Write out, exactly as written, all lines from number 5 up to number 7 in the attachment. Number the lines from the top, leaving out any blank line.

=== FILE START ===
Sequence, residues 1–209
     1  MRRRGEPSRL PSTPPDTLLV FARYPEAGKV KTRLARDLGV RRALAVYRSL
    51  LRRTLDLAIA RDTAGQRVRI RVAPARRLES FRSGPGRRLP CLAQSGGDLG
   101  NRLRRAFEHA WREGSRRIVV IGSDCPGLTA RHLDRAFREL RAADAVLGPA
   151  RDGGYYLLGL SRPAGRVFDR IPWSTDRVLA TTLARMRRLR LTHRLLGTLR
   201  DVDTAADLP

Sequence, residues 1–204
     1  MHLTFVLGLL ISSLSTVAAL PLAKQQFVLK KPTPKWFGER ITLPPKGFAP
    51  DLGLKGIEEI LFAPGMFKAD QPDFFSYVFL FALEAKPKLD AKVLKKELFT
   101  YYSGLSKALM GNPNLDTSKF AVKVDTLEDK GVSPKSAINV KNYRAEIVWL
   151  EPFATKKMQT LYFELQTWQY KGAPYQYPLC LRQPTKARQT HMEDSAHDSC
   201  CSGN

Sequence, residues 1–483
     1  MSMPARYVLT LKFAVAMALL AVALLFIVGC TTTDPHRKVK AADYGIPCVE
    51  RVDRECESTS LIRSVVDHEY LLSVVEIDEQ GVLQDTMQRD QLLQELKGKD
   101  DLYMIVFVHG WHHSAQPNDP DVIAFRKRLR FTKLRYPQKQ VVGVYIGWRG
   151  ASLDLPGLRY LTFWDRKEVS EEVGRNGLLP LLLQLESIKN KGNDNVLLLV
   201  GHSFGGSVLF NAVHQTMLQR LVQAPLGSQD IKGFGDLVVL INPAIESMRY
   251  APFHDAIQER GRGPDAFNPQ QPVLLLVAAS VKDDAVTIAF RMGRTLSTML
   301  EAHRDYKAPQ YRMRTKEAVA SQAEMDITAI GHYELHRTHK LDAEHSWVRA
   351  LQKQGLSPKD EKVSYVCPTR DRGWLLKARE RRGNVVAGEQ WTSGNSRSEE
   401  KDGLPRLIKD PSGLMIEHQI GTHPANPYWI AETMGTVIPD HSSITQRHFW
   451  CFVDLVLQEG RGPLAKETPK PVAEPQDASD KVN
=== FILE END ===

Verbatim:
   151  RDGGYYLLGL SRPAGRVFDR IPWSTDRVLA TTLARMRRLR LTHRLLGTLR
   201  DVDTAADLP

Sequence, residues 1–204